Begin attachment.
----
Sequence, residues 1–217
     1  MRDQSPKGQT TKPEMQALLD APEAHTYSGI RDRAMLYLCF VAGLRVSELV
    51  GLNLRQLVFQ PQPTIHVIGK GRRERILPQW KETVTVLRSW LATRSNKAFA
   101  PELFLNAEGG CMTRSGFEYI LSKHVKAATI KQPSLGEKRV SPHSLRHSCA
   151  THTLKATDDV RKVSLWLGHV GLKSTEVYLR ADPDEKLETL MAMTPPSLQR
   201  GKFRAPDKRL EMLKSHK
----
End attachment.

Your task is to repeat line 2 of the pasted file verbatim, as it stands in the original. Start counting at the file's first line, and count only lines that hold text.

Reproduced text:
     1  MRDQSPKGQT TKPEMQALLD APEAHTYSGI RDRAMLYLCF VAGLRVSELV